Consolidated Appeal for Zimbabwe 2009
The alarming degradation of Zimbabwe’s economy and rise in social vulnerability continued in 2008. A protracted election period, from March through August, essentially put the country on hold for six months, during which election violence and government restrictions halted most humanitarian field activities. Half a year of critical humanitarian service delivery in support of food security, clean water, health, and education services was lost, and the impact of this is likely to continue into 2009. The chances are good that further deterioration of the humanitarian situation can be averted if, following the initial political agreement reached between the ruling Zimbabwe African National Union – Population Front (ZANU-PF) and the Movement for Democratic Change in September, a government of unity can be created. The main challenge now is to deal with the increasingly urgent humanitarian needs of millions of vulnerable Zimbabweans.
A third consecutive failed agricultural season has further increased dependence on food, as well as non-food, assistance; 5.1 million Zimbabweans are projected to depend on food aid by the first quarter of 2009. Action is urgently required to save household agricultural production in 2009, and mitigate the impacts of the failed season in 2008. The infrastructure for delivering basic social services is seriously affected, resulting in unprecedented levels of disease incidence and prevalence throughout the country. The education sector is equally affected. High vulnerability levels, coupled with one of the world’s highest HIV infection rates of 15.6%, deepen the population’s vulnerability. World record hyperinflation and a collapsing banking system pose major challenges to humanitarian operations, with most agencies affected by the lack of cash and inability to access foreign currency.
Humanitarian agencies are committed to supporting the Government to mitigate the impact of a multidimensional crisis affecting rural and urban areas, with priority geographic areas in 2009 likely to include Manicaland, Mashonaland Central, Masvingo, Matabeleland North and South, and Midlands. This will require a combination of well-targeted emergency response and early recovery activities as the foundation for a successful long-term recovery in Zimbabwe. In support of effective response, the cluster approach was adopted in March 2008 covering five priority sectors; agriculture, emergency telecommunications, health, nutrition, and water, sanitation and hygiene. Early recovery, education and protection working groups are expected to be formalised into clusters in 2009. HIV focal points for each cluster will ensure mainstreaming of HIV in emergency preparations and management.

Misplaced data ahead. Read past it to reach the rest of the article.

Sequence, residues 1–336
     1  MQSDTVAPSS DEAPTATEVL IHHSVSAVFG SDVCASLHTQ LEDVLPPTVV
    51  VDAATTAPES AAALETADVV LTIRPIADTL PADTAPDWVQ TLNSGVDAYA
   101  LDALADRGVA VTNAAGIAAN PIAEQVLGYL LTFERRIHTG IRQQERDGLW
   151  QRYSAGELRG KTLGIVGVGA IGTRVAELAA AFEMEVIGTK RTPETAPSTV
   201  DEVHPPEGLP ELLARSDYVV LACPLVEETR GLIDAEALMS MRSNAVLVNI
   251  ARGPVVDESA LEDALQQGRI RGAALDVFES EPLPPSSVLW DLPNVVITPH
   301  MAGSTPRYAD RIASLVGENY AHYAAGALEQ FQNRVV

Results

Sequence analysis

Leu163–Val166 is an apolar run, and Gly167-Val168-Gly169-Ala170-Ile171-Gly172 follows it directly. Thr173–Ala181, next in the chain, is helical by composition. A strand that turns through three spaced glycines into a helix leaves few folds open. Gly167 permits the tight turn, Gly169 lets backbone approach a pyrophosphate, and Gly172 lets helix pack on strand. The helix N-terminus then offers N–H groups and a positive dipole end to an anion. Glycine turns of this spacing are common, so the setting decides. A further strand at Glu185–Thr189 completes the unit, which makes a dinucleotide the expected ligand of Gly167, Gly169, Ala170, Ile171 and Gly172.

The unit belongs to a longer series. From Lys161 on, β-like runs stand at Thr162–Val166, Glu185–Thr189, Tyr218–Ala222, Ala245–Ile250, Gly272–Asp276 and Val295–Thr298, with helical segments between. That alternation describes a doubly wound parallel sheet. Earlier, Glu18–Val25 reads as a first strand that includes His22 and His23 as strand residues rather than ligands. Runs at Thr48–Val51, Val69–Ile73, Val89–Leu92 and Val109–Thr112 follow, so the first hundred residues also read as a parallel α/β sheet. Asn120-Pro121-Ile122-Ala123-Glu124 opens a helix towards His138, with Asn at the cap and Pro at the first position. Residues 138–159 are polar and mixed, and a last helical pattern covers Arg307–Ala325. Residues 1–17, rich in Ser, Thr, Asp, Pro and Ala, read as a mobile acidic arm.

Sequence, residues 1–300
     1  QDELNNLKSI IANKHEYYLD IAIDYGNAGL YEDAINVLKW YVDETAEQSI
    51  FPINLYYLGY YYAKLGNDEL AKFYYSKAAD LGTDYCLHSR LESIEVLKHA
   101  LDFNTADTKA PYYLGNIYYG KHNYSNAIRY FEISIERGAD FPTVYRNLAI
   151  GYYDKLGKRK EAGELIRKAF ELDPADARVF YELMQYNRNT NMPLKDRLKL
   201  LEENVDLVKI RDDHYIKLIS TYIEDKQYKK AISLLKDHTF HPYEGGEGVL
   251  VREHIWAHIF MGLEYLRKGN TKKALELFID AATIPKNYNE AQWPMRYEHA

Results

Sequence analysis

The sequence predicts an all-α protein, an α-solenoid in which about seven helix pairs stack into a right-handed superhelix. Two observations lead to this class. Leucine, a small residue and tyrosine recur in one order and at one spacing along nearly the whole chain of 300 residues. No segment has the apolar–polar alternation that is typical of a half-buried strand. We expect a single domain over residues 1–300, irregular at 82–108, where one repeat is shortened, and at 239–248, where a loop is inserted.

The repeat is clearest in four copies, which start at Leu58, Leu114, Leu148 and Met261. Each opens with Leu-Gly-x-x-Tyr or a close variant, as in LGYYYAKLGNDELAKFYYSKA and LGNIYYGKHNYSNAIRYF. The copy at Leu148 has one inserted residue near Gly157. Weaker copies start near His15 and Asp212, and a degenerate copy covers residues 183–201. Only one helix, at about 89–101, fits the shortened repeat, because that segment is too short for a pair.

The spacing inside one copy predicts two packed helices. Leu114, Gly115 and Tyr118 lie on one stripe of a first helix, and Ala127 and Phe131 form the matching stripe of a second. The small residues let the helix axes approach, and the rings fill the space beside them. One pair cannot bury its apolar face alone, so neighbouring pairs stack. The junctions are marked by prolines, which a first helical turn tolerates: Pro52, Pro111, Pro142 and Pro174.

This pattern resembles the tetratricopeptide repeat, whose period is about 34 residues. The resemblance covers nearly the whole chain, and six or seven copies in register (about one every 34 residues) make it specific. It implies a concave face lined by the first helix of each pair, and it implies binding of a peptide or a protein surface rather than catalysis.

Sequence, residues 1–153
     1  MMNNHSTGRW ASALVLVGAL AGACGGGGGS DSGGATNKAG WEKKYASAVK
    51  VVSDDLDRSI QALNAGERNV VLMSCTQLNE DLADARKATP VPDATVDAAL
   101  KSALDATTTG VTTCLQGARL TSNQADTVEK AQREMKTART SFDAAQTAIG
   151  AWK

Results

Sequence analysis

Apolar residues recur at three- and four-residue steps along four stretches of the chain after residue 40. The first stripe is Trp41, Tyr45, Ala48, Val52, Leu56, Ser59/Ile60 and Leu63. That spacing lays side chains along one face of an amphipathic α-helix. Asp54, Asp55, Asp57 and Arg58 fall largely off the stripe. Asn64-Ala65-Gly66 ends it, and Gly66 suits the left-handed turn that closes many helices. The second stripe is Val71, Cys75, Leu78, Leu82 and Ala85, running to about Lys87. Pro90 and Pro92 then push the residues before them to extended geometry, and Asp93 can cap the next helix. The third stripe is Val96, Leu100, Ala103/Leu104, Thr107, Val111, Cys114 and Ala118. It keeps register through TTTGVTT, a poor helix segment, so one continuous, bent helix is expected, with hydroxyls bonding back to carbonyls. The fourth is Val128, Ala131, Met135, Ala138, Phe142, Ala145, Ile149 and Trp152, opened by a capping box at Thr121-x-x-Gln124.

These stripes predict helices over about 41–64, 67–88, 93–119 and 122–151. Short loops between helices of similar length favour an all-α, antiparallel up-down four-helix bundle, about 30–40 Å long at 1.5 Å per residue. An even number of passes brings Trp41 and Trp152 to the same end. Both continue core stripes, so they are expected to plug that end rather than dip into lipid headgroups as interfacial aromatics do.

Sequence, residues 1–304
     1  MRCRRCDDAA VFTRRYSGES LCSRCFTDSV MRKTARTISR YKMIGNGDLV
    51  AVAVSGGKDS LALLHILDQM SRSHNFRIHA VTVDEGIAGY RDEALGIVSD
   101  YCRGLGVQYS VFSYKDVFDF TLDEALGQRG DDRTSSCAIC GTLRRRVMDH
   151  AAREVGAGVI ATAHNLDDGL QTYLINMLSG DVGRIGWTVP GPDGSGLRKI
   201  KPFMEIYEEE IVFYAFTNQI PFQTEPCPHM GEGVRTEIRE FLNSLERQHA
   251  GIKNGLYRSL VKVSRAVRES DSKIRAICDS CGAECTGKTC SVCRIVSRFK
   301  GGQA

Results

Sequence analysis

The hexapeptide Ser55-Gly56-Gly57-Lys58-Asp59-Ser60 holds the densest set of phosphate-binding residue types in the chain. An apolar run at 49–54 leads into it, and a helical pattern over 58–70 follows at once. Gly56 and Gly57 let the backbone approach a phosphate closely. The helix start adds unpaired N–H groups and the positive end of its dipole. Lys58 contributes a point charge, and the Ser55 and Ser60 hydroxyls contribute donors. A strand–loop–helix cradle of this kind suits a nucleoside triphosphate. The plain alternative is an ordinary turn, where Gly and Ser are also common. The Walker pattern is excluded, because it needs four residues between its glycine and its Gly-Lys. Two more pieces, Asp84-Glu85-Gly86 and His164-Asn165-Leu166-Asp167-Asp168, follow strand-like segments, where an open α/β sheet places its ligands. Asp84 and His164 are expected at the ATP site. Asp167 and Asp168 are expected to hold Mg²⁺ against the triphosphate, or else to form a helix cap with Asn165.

The Consolidated Appeal Process (
- saveand prevent the loss of lives;
- assistdisplacedpopulations, restore livelihoods and prevent depletion of productive assets;
- establisha broad partnership among the humanitarian community and engage with all stakeholders, including the Government.
Although the 2008
To achieve these priorities a total of 35 appealing agencies, including UN agencies, inter-governmental organisations, international and national NGOs, and community and faith-based organisations, are requesting an amount US$550 million to implement programmes and projects as part of the